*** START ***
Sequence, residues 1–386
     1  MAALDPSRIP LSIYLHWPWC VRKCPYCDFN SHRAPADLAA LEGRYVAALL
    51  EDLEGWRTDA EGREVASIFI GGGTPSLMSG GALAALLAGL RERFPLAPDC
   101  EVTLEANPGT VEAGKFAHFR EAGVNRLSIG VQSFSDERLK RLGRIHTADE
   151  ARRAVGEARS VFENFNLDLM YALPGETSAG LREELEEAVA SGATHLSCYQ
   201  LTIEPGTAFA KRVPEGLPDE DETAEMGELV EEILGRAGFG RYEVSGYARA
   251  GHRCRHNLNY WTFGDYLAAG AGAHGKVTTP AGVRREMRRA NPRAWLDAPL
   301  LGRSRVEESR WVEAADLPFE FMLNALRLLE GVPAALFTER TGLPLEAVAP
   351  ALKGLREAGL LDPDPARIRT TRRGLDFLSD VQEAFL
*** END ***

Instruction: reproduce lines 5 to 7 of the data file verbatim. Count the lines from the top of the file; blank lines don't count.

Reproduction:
   151  ARRAVGEARS VFENFNLDLM YALPGETSAG LREELEEAVA SGATHLSCYQ
   201  LTIEPGTAFA KRVPEGLPDE DETAEMGELV EEILGRAGFG RYEVSGYARA
   251  GHRCRHNLNY WTFGDYLAAG AGAHGKVTTP AGVRREMRRA NPRAWLDAPL